Redefining civic responsibility: the role of homeowner associations and neighborhood identity

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Redefining civic responsibility: the role of homeowner associations and neighborhood identity

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Title: Redefining civic responsibility: the role of homeowner associations and neighborhood identity
Author: Huyler, Mark (Mark Douglas)
Abstract: This dissertation examines the relationship between civic responsibility and homeowner associations. The dramatic increase in homeowner associations is theorized as part of a societal shift toward a more private and smaller scale of civic responsibility. Both the role of neighborhood identity and the role of the provision of neighborhood services by homeowner associations in establishing an individual's sense of civic responsibility are analyzed. The research was conducted in homeowner associations in Redmond, Washington, a suburb of Seattle. Forty case-study associations are examined based on interviews and surveys with board members. In addition, election results for a series of ballot issues related to issues of civic responsibility are compared with the location of homeowner associations.The results of this research do not support the claim within the literature that homeowner associations are related to a smaller scale of civic responsibility. There is no indication that homeowner association members have a different sense of civic responsibility for most issues. This research suggests that there is more support for the private provision of only the particular services offered by homeowner associations. For example, if a homeowner association funds a private park then the residents in that association are more likely to support neighborhood versus government funding for such parks. Homeowner associations do increase the importance of the neighborhood over the individual in decisions regarding the maintenance and use of property. Because the primary motivation for homeowner associations is to maintain the property values in the neighborhood by maintaining the perceived quality of the neighborhood, residents attach significant importance to the neighborhood. Homeowner associations use social pressure, in addition to legal authority, to maintain a quality neighborhood identity based on uniform and stable property values. These efforts to maintain the quality of the neighborhood in this manner reinforce economic and social segregation in these suburban neighborhoods.This research challenges the theoretical understanding of the relationship between homeowner associations and civic responsibility. Homeowner association members do not appear to have a more private or local sense of civic responsibility compared to residents in other neighborhoods.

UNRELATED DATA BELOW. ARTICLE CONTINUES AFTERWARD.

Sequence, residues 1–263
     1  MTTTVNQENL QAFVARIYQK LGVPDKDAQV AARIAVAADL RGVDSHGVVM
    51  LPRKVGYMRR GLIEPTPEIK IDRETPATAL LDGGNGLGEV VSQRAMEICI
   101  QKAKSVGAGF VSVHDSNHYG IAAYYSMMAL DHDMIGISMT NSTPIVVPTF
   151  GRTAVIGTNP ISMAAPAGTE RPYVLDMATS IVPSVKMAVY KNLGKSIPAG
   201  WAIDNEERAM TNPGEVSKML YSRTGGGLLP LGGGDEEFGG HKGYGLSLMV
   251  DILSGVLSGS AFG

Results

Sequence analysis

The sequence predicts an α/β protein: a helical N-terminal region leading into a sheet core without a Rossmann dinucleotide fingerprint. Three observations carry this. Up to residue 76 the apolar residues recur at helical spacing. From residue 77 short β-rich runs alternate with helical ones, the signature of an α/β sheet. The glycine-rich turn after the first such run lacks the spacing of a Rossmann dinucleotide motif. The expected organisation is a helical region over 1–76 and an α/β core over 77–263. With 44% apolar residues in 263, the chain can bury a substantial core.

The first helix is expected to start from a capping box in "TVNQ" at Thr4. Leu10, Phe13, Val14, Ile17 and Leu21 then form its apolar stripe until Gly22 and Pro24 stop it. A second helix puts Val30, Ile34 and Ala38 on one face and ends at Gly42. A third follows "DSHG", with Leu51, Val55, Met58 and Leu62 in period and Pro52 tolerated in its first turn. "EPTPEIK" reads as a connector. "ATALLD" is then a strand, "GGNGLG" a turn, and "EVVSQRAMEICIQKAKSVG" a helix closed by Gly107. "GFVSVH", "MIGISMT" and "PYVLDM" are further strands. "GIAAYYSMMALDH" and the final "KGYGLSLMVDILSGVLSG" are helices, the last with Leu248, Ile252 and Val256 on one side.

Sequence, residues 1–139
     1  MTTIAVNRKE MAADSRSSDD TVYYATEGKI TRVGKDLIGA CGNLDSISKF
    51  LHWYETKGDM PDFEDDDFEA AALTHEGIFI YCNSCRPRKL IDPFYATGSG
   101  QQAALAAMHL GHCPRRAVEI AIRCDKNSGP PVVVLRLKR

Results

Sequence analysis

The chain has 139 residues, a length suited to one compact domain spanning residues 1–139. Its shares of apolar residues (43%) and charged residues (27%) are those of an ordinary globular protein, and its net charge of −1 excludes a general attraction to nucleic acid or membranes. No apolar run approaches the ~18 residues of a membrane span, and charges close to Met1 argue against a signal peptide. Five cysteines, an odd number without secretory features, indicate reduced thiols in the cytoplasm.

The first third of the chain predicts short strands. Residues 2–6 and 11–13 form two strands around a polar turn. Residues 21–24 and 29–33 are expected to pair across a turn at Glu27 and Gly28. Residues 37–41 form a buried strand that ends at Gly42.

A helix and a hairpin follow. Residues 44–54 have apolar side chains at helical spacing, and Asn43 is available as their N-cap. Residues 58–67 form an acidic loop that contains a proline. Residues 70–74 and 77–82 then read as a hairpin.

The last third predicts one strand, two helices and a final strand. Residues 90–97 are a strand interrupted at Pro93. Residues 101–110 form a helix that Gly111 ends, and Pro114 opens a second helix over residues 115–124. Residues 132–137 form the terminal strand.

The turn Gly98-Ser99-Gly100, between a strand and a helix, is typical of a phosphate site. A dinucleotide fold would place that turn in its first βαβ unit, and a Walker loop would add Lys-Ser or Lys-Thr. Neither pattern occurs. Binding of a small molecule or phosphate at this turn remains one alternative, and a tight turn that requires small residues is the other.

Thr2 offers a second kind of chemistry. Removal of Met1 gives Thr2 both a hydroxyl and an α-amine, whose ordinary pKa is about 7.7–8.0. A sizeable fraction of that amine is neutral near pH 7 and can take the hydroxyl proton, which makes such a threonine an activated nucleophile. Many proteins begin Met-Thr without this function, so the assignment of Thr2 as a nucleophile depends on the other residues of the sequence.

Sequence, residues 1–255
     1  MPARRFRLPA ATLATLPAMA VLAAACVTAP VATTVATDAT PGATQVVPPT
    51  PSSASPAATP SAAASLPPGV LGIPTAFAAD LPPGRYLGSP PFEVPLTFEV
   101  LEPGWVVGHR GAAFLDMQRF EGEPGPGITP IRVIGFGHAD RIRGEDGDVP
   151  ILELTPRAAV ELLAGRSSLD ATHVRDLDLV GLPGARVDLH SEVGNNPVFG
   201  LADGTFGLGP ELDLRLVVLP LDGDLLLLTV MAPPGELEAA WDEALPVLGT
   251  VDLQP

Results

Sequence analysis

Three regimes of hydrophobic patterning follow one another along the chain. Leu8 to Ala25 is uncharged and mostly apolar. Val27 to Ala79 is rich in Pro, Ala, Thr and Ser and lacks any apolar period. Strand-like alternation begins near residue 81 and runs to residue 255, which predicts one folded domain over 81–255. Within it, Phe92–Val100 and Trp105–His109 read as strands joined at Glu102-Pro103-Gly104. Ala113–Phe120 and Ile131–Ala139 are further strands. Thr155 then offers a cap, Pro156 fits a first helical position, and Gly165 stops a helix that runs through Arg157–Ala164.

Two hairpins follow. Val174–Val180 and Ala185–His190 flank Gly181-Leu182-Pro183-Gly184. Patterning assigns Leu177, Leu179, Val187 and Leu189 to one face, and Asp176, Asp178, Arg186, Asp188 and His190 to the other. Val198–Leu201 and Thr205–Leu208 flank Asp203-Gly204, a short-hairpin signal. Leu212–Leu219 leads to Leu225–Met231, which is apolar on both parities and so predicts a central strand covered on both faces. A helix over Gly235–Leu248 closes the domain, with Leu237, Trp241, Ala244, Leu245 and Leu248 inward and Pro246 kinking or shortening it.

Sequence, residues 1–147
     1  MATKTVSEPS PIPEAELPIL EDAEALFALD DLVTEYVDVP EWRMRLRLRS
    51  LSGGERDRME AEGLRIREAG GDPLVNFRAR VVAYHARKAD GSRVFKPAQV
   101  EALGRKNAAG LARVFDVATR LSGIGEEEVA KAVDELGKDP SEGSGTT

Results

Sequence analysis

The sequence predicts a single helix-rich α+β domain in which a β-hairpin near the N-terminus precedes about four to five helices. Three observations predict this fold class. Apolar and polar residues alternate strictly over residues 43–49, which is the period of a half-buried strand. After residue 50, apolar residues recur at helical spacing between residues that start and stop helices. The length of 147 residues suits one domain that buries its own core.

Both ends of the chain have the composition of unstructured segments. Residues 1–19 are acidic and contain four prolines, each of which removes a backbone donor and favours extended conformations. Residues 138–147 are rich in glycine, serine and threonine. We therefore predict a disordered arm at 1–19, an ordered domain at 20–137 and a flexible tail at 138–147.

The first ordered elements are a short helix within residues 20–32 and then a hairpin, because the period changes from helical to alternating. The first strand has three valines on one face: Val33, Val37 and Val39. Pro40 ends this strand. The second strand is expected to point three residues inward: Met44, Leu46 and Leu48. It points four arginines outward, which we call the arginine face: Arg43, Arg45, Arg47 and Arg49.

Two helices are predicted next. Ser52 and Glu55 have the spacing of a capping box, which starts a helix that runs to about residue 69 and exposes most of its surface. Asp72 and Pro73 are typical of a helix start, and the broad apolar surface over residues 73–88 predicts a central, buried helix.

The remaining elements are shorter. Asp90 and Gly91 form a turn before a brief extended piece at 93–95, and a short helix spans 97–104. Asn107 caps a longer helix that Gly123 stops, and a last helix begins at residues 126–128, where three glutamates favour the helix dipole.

Description: Thesis (Ph. D.)--University of Washington, 1997
URI: http://hdl.handle.net/1773/5675

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